Council briefs: Chicken bylaw public hearing and shopping centre application amendment

Revelstoke council holds hearing on backyard chicken regulations, makes amendment to shopping centre application

Council is considering legalizing backyard chickens in Revelstoke.

Council heard from people for and against the new backyard chicken regulations at a public hearing last week.

Four people took the time to speak at the hearing, held last Tuesday, Aug. 25, in council chambers. Two spoke against the bylaw, while two others spoke in support.

Gerry Schleiss said they shouldn’t be allowed in residential areas. “I believe they will attract rodents, bears and coyotes,” she said. “We’re discouraged to put our garbage out every morning — now we’re going to put fresh food out?”

Melissa Hemphill, representing the Local Food Initiative, spoke in favour of the new regulations, saying it’s a priority of the city food strategy that council endorsed earlier this year.

“The bylaw contains safety precautions, neighbourhood considerations and a permitting system that allows self-sustaining citizens to produce food lawfully,” she said.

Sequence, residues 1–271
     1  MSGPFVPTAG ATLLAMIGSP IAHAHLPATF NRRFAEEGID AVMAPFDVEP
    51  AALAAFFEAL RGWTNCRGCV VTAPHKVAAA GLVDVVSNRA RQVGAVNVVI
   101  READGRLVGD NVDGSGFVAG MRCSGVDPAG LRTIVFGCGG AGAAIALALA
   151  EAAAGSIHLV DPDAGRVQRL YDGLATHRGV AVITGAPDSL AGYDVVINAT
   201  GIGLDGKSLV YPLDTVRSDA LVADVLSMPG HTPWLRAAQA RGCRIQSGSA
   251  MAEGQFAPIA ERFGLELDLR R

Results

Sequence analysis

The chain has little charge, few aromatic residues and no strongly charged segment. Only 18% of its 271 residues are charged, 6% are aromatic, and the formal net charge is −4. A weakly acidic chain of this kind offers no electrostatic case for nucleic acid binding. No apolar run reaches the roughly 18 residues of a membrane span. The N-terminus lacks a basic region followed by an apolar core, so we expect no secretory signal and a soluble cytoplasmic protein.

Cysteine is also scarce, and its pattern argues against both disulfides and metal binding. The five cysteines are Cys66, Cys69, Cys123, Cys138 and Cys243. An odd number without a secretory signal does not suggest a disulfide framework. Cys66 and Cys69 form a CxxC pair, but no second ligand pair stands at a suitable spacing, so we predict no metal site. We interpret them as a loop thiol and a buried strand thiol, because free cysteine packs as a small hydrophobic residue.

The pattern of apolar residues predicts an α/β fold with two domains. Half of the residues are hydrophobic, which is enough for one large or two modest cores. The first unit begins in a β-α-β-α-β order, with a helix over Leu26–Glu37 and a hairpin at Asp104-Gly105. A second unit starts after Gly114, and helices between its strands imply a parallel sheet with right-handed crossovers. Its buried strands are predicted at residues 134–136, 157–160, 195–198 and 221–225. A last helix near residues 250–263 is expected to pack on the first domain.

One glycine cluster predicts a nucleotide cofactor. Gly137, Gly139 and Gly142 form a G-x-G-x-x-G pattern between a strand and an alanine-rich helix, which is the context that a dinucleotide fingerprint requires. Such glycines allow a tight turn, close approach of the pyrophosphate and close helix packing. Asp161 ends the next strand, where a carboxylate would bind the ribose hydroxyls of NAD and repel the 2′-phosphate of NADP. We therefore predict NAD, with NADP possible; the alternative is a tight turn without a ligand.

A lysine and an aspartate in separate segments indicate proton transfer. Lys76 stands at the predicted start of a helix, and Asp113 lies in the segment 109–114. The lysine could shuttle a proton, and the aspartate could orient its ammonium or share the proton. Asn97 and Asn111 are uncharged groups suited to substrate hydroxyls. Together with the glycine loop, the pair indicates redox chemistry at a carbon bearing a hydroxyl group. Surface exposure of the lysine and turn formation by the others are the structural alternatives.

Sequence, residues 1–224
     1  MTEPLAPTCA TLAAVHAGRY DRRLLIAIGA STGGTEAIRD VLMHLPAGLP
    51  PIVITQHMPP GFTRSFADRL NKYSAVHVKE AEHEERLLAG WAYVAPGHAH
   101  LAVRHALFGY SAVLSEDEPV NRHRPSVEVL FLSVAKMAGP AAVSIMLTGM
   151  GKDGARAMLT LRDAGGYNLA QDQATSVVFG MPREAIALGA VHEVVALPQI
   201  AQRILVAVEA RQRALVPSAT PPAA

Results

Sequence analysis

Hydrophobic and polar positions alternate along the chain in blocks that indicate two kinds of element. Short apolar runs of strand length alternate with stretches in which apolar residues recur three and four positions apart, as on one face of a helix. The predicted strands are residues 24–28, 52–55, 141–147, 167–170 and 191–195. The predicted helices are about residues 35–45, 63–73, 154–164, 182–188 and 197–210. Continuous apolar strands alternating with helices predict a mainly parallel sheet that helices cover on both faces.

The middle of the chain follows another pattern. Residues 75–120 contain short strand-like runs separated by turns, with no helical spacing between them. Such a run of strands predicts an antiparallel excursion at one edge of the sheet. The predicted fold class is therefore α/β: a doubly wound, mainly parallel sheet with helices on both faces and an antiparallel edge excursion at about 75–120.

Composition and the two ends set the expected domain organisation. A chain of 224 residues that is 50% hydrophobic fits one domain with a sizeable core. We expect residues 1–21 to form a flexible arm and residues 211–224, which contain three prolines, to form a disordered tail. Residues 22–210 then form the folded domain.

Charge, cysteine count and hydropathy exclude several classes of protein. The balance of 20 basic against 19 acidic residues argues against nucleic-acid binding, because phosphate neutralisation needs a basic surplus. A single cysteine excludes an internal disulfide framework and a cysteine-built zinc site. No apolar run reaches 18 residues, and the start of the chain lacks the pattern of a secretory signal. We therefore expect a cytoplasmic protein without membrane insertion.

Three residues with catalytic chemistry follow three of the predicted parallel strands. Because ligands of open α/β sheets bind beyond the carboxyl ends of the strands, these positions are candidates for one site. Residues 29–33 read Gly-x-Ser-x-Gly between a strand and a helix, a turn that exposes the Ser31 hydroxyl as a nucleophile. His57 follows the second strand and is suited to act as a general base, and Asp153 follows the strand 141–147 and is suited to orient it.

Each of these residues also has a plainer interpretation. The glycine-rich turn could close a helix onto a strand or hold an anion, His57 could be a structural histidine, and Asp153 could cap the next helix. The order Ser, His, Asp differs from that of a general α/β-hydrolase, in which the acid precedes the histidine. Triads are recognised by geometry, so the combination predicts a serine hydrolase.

Two written submissions were received from the public. Tony Morabito asked that immediately adjacent neighbours be given a veto in case of conflict, and Elaine Greenwood opposed the bylaw , writing that “hens at times can be noisy and if not looked after and cleaned properly can create odours, thereby affecting the peace and enjoyment for neighbouring property owners.”

She said hen enclosures should consist of at least a five-foot high solid fence.

The proposed amendments to the city’s animal control bylaw allow for people to keep a maximum of five hens in their backyard, provided they use a proper enclosure and take steps to reduce wildlife attractants.

Council will likely deliberate the bylaw again at its next meeting, before voting whether or not to adopt it.

Shopping centre bylaw amended

The proposed land-use changes for a new highway shopping centre development have been amended.

The amendments allow for commercial development across the entire property, and not just on the two parcels that are slated for the shopping centre.

The changes were made at the request of the property owner, and were given first reading by council at its Aug. 25 meeting.

Because of the changes, the public hearing for the shopping centre was rescheduled for Tuesday, Sept. 29, at 3 p.m. in council chambers.

 

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